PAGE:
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Friday August 1st 2014
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One woman’s journey to the Olympics, motherhood and the business world

For most of us finding the right career path can take years but for Gigi Fernandez, her calling came when she was just 3 years old. She was born in San Juan, Puerto Rico on February 22, 1964. The third of four children, Gigi would beg her parents Beatriz and Tuto to take her to tennis lessons. After her unrelenting requests, her parents succumbed to her wishes and Gigi found her life’s passion. The rest as they say is history.

Gigi Fernandez went on to be the first female Puerto Rican to become a professional athlete, win 17 Grand Slam titles and ultimately win 2 gold medals in the sport of tennis.

“As a kid I loved playing tennis,” she says, “I didn’t feel pressured by my parents in any way; I just enjoyed the sport and was never forced into it.” 

Her main goal however was not to win gold. “What is different from tennis athletes and other athletes is people in our generation didn’t revolve our aspirations around winning gold like in track and field, swimming and various other sports,” she adds.

Gigi says that when she was growing up there were no Olympics in tennis. The first year was 1984 as a demonstration sport and in 1988 it became a full participating sport in the Olympic Games. “I didn’t grow up thinking I would go on to win an Olympic gold metal because that was not an option when I was starting out,” she says.

Wining was a great achievement and Gigi says she was incredibly honored to have won, but she still wanted to go on and do more.

 The road to motherhood

“When I was playing, having a child was never an option because it was kind of impossible,” she said.

 After being in a stable relationship for 5 yrs, Gigi and her partner Jane Geddes decided they wanted to be parents, but the process would prove to be a difficult one.

“Because of the volatility of the fertilization process, going through an adoption process that wasn’t successful, and going through the ups and downs of medications and hormone treatments to get pregnant via an egg donor, I was exhausted, but it was well worth the wait,” she said. Now she has two precious children, boy and girl twins who are currently 22 months old.

 “They are the priority and I work around their schedules,” says Gigi.

 A new business venture

 After having her twins, Gigi got the idea to start a company that sold instructional videos teaching the fundamentals of sports to children when one day her nanny brought home the video Baby Einstein. She says her twins started watching it and were quiet for about 20 minutes, “Wow this is great, I thought to myself, I could actually step out for a minute and go to the bathroom,” she said. So she started looking for a sports video to introduce her twins to but to her surprise couldn’t find anything. “I just couldn’t believe it!” she adds.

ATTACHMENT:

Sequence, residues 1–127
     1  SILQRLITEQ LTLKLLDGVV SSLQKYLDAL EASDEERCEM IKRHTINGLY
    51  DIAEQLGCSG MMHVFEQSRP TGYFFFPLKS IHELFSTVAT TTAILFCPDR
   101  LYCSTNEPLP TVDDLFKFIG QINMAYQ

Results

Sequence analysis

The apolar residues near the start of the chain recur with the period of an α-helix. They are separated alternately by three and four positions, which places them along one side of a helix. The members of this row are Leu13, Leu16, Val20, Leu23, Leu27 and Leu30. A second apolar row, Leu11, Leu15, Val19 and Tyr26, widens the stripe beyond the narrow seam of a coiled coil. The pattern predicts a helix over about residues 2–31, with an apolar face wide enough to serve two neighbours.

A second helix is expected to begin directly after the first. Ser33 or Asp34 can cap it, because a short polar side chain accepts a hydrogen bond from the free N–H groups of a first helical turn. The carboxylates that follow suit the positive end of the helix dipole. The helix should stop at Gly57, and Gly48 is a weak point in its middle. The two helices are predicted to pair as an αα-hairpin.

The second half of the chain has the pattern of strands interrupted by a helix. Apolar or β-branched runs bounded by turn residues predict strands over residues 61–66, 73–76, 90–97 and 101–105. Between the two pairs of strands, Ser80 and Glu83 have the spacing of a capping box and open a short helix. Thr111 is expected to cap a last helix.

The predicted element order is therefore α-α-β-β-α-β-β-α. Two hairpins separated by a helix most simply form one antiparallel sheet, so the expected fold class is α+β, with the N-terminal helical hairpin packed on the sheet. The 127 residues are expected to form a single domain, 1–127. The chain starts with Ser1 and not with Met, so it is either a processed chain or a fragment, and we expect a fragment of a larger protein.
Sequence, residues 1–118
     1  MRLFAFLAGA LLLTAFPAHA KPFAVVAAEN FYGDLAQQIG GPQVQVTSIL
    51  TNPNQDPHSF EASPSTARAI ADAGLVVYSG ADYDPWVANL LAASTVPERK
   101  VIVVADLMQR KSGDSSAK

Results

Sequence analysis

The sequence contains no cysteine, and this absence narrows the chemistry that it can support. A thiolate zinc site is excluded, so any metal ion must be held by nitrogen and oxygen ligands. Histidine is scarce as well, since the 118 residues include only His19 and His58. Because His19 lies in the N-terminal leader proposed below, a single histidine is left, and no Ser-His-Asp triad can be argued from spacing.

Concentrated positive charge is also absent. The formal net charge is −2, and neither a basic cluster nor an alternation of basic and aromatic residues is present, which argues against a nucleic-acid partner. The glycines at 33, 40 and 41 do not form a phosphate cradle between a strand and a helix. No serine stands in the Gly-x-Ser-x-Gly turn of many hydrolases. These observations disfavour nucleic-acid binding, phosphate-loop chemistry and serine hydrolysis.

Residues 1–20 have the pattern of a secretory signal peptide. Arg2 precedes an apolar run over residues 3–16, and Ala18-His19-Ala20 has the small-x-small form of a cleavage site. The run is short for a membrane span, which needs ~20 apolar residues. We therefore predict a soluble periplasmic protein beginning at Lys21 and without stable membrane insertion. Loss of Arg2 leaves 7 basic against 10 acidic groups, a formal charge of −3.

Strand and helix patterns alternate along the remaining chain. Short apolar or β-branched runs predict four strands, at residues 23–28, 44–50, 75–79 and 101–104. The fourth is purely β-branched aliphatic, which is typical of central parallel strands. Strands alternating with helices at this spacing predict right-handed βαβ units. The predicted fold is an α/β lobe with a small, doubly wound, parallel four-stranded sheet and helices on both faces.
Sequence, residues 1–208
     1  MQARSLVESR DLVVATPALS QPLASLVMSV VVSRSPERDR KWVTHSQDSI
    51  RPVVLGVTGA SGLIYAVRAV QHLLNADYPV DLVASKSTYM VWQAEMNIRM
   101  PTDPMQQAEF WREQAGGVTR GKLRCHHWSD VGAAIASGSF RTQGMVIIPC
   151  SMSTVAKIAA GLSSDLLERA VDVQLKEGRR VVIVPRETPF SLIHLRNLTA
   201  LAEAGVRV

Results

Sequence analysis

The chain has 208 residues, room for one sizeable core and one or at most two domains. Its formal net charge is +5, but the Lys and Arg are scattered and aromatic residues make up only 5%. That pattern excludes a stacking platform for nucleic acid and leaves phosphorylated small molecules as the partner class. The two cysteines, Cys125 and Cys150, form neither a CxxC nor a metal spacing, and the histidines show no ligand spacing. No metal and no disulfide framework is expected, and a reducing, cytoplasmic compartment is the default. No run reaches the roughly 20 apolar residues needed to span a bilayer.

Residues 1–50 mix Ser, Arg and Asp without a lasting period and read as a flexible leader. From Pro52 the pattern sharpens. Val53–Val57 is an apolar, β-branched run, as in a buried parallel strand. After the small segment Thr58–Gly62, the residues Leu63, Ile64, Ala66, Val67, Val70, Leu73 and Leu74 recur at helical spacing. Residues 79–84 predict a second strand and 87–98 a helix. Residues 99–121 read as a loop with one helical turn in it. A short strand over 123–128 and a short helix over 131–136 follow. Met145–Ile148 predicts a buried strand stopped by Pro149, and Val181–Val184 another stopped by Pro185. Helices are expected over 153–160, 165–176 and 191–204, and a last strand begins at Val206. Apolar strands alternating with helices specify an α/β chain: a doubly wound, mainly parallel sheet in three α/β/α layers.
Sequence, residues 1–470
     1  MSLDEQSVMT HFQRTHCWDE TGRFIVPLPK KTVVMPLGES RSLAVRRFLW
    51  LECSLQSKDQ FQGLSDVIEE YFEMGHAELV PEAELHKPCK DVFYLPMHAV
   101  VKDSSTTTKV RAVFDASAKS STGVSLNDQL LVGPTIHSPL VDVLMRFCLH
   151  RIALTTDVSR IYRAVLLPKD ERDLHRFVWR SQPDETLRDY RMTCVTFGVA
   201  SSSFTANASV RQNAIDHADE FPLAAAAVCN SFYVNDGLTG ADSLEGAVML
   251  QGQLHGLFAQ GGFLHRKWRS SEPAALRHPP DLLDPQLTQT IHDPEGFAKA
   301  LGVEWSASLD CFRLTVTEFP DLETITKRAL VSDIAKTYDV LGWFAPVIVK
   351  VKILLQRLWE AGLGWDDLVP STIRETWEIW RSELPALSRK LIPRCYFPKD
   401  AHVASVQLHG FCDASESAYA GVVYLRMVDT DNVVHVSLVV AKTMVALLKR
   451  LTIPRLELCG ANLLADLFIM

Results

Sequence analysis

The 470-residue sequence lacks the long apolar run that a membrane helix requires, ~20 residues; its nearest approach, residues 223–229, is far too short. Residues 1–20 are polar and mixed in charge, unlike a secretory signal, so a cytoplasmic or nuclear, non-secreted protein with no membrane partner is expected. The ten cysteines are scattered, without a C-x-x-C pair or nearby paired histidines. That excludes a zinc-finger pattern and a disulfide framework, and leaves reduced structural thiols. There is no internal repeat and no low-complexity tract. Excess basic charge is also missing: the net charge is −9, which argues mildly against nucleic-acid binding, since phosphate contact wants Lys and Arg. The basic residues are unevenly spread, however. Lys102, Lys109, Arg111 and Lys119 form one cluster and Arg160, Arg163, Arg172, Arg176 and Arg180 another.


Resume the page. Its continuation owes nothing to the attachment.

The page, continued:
That’s how Baby Goes Pro got started. Gigi set out to create the instructional video by interviewing psychologists and experts in the field of sports. The videos, she says are for kids to start learning basic sports skills, like how to kick a ball. “It gives them an early introduction into sports and more knowledge than the kid next door who’s never been to a soccer field,” she adds.

The DVDs have had a great reception so far according to Gigi. “Last year we were invited to the Annual White House Easter Egg Roll as part of the First Lady’s Let’s Move campaign to fight childhood obesity and we are invited again this year. We love being part the childhood obesity campaign,” she said.

Gigi says her company is also part of the many organizations that help the First Lady promote the message of active lifestyles.

The motivation behind Baby Goes Pro is to keep kids active and moving. As for her twins, she says that she and her partner just want them to be athletic and hopefully they will find a sport that they like, that way their kids could have the benefit of sports like she did.

“Not to say that they are going to be professionals but just to be able to play a sport in the high school level or college level is such an advantage because sports teaches you so many things about life. It’s important for kids to have that tool for learning more about themselves, sportsmanship, respect, honoring the game, courage, character building, determination, and perseverance,” she said.

 A controversial product?

Baby Goes Pro DVDs have been welcomed by parents and reviewers, but some skeptics think starting a child in sports might not be such a good idea for their development. 

“Yes, its controversial the way its been presented,” says Gigi, “Because of my athletic background, I know how difficult it really is to become pro and it’s a bit insulting to our profession to have people think that just because they watch a video, their kids will turn out pro.”

Gigi says that the advantage offered by the DVDs is similar to when a child goes to pre-k to learn the basics of reading and writing and then goes on to first grade having that knowledge versus the child who enters first grade and has a difficult time with these subjects. She says the DVDs are meant to do just that, offer a way for kids to get introduced to sports and know how to swing, kick a ball and the basic rules of sports so that when they are initiated into sports through a class or camp they will already know the basics and be better prepared with the knowledge. “It’s great for kids who watch these videos because it gives them the knowledge before others,” Gigi said.

Photos courtesy of Gigi Fernandez

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